It seems men love sports more than they love women.
In fact, they would rather watch soccer than fight the scourge of violence and abuse against women and child abuse.
This is according to the relatively poor turnout at The Brothers for Life “Not in my name” pledge and campaign for the male species to express its concern and protest about violence, rape, abuse and death that some males subject women to.
Less than a 1 000 men turned up at the Johannesburg Stadium for a men’s rally that was expected to draw over 20 000. Instead, more than 80 000 men went to FNB Stadium for the Soweto derby featuring Chief and Pirates while million others just stayed at home eating and drinking while watching the game on TV.
It is time that soccer was turned into a consciousness-raising vehicle and platform to highlight and confront many of our social ills created by what men do to themselves and others.
We should all collaborate to come up with possible solutions to reduce the violence men perpetrate against women.
But let me explore reasons why abuse may not be a priority for some men.
Firstly, some men hold very strong views on the question of equality between the sexes. They believe that men and women were put on earth to play or fulfil different roles with the male as boss over the female. But they are now reluctant or afraid to articulate their views or defend their positions because they are seen as politically incorrect.
Secondly, the way we deal with Women’s Month and related issues of violence and abuse has become quite predictable and monotonous without really delving into the real matters. In fact, as soon as we have organised a march, attended a rally and allowed women to vent out at luncheons and seminars for just one day we (men) immediately fall back into our old violent ways.
Finally, the issue of why men, especially indigenous Africans in this country, are so violent towards women, children, others and themselves has not been treated with the seriousness it deserves. It is glossed over for the convenience of the politically correct.
In fact, serious as it is this issue of violence against women has been elevated into top priority. It has put men in an indefensible position of accepting that the issue of violence against women is an instinctive male problem. This is a misguided and ill-informed view.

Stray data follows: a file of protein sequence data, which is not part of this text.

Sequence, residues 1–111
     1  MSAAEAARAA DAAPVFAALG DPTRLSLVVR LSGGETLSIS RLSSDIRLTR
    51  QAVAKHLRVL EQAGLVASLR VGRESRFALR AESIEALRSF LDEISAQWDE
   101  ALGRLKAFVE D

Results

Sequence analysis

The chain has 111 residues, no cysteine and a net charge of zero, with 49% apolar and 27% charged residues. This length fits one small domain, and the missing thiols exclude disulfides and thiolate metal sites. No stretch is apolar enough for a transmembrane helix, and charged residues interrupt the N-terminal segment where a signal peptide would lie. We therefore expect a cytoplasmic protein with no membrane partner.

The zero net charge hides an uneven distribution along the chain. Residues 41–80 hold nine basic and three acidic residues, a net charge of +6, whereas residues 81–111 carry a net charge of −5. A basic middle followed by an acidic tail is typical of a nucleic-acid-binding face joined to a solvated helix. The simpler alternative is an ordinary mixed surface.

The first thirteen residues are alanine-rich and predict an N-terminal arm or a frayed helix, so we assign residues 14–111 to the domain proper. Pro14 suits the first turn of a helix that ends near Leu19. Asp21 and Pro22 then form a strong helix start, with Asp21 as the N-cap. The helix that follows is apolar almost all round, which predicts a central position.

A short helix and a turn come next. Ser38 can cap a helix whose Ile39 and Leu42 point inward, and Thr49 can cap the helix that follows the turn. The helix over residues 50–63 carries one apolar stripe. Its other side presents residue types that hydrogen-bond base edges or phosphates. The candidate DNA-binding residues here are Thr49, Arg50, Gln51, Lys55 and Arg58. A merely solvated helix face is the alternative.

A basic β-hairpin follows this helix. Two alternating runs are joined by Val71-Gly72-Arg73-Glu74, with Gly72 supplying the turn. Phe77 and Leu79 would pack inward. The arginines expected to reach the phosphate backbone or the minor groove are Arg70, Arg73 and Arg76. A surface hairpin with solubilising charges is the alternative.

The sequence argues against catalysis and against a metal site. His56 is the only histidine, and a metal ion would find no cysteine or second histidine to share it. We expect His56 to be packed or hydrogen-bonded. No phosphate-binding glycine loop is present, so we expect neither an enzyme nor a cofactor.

The issue of women’s rights in South Africa is promoted at the expense of the land question.
The larger issue in this country is not whether men have a problem with gender equality. Instead, the bigger issue is the historical, racial, political and economic relationship of indigenous men with the status quo in this country. The issue of violence against women, especially, is an integral part of the land question and the monopolisation of the economy and wealth by a few in this country.
We have advanced faster and further than most modern societies when it comes to gender equity in this country but a lot more needs to be done to eradicate violence against women. But we are not dealing with the root causes of this scourge in a factual, accurate and truthful manner that it deserves. In fact, we cannot afford to isolate the plight of women from the gigantic problem of apartheid-created spatial divisions, economic inequality and prejudice and discrimination.
If a man is dispossessed of his land and the means of production to fend and support his family, not only will he suffer from a deep seated inferiority complex but will be disposed towards violence, including towards his family.
Without making excuses for the choices he might take to retain his sanity and sense of worth, when he resorts to violence to express his frustration and anger, the guilty party is the economic system that makes it difficult for him to carry himself with dignity and respect and thus be able to bestow that to others, especially his beloved.
To reduce our national problem to men’s violence against women and children is not only to gloss over the systemic economic injustice and social exclusion but to support and legitimise it. Men who have lost the land of their forefathers and the wealth it holds in its bosom are victims of the most brutal organised economic violence in this country. Often, the same men are expected to carry on with business as usual.
The current approach to examine the issue of violence against women is ahistorical. It is like saying there is no connection between destruction of the African family, poverty — which sometimes leads to crime — and the 1913 Native Land Act.
The biggest problem this country faces is land dispossession and monopolisation of wealth by a few and not violence against women. It is disingenuous of anyone to want or expect indigenous African men who have lost their land not to suffer from deep-seated anger, resentment and frustration that expresses itself in violence.
This is not a justification for the violence perpetrated against women but an attempt to provide context and the causes for that. We should not forget that more men than women are subjected to violence by other men, especially in the African community.
As things stand, we are not clear about how this land dispossession and economic injustice has affected the psyche of indigenous African males and its possible links to the scourge of violence against women and children. What we can see is that men who have been misled to think that they are the head of the family will be inclined to be violent towards others, including women and children, when they are exposed to be powerless and insignificant members of society.
Much as the issue of violence against women should remain a priority in our conscience and activist programmes — and rightly so — we should not forget that the land issue, economic injustice and prejudice are the biggest problems in this country.